With a territory as large as France, the Republic of South Sudan became the world's 193rd independent country on July 9. But while the South Sudanese now have an independent state with vast natural resources, they have yet to build a nation out of some 50 different tribes with diverse languages, beliefs and other key characteristics. Many obstacles will impede progress toward this end, and the outcome depends primarily on the South Sudanese themselves. But the international community can make important contributions to help realize this goal.
We in the United States know these challenges well. When Americans declared independence in July 1776, it was only the first step toward achieving a viable state. The young country required many additional years to build a nation out of what had been 13 autonomous colonies, to construct essential political institutions, and to develop habits of political tolerance that respected opposition to government policies. It further required a major civil war before many of these challenges were definitively overcome.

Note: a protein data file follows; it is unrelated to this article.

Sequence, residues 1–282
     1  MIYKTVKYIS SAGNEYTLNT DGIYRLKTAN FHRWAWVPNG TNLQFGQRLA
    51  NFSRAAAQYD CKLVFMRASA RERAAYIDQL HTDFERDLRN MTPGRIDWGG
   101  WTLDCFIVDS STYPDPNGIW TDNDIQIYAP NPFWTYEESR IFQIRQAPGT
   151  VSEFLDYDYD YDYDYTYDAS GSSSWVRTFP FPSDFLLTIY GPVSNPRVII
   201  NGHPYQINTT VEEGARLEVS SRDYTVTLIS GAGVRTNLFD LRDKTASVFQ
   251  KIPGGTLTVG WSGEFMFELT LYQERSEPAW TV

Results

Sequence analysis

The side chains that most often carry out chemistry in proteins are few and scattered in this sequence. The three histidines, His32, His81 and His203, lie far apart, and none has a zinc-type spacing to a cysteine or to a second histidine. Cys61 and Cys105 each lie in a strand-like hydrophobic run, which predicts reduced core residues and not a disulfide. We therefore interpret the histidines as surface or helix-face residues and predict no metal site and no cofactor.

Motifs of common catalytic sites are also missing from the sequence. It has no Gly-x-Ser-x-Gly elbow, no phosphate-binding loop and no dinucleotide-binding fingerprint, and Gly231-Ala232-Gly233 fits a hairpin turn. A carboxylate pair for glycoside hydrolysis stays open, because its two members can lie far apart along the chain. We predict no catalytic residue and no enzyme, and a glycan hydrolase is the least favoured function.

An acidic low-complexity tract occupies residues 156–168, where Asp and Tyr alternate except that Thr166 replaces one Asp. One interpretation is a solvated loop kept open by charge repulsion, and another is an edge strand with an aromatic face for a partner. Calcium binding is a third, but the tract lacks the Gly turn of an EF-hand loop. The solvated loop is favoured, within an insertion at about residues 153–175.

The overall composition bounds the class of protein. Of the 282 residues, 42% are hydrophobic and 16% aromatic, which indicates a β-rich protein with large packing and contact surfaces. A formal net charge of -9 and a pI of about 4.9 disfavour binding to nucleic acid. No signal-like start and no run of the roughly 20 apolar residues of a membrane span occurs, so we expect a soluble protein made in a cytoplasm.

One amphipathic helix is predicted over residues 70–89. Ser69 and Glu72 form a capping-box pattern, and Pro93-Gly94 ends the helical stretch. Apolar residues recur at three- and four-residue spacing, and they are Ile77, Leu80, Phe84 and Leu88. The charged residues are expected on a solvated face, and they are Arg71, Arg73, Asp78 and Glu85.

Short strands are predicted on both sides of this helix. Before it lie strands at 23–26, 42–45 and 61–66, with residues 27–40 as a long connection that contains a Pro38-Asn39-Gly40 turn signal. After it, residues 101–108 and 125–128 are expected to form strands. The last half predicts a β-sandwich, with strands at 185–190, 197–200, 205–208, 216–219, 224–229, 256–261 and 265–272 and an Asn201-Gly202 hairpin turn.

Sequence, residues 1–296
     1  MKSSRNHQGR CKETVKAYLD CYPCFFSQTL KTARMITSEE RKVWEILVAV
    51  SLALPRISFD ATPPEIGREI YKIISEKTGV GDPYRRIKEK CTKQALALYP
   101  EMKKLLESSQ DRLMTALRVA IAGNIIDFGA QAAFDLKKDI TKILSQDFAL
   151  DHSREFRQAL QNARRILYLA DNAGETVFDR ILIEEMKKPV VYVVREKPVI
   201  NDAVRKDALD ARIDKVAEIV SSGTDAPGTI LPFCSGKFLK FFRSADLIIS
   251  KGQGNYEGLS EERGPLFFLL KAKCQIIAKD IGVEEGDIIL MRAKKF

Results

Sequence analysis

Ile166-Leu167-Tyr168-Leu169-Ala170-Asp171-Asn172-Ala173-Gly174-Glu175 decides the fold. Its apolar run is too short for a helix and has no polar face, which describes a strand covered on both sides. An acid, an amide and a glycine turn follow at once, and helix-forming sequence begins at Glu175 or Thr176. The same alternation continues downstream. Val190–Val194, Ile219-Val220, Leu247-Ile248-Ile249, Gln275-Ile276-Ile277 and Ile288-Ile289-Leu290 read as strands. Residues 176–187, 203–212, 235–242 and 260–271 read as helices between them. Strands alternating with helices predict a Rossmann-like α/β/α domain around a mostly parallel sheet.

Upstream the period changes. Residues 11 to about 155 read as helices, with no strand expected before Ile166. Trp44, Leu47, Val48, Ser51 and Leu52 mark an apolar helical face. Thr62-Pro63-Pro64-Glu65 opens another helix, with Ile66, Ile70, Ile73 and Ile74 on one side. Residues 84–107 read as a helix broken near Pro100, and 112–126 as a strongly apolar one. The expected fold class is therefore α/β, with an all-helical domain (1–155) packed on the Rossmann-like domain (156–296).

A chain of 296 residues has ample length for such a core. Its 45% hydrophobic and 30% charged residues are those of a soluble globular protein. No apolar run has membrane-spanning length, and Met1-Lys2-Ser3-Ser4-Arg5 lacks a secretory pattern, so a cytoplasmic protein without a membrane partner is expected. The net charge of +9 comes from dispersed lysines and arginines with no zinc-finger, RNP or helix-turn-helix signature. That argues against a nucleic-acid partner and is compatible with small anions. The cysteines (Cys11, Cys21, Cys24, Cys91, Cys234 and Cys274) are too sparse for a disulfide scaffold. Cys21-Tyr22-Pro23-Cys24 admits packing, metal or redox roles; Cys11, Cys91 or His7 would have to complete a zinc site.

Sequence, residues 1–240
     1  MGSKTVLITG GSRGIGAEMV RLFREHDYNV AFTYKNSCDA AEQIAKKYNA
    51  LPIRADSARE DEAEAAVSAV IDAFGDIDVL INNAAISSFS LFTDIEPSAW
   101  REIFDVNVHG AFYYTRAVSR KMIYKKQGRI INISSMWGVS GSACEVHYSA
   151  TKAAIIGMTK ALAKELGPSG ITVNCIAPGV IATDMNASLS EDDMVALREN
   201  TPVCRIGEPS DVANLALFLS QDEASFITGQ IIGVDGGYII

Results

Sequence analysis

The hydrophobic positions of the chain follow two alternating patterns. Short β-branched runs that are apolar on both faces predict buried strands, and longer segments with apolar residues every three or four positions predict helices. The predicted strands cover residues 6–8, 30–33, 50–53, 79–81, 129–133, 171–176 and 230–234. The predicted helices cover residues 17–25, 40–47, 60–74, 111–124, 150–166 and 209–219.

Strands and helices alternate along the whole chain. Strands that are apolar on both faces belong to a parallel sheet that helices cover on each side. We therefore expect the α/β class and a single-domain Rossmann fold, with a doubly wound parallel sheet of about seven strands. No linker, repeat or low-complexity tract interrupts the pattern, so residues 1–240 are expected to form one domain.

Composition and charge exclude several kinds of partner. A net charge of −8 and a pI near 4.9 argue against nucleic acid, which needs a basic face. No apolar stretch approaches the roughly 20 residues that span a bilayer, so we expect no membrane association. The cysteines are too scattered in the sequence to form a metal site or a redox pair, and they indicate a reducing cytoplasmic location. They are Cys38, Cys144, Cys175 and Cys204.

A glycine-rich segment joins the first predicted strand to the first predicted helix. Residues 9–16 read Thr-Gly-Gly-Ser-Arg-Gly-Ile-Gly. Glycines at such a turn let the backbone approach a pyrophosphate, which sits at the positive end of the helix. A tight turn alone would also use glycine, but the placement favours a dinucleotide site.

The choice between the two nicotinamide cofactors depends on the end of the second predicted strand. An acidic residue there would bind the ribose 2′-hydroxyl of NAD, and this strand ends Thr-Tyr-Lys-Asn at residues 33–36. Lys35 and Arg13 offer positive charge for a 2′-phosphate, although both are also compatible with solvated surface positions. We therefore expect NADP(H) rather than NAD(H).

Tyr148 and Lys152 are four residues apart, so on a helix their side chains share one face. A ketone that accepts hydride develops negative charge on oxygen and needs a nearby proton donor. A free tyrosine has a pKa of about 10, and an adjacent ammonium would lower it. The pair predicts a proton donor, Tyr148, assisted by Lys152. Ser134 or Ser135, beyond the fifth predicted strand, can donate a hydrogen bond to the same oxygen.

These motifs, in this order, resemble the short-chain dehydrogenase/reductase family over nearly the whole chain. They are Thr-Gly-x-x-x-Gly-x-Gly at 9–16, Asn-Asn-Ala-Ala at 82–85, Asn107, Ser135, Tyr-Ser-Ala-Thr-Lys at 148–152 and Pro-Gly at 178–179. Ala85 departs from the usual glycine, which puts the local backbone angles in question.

South Sudan's independence followed a popular referendum held this January, when 98 percent of South Sudanese voted to become an independent state rather than remain part of a united Sudan. The referendum in turn resulted from the 2005 Comprehensive Peace Agreement (CPA) that ended decades of conflict between the Sudan People's Liberation Movement (SPLM) and the Republic of Sudan in Khartoum.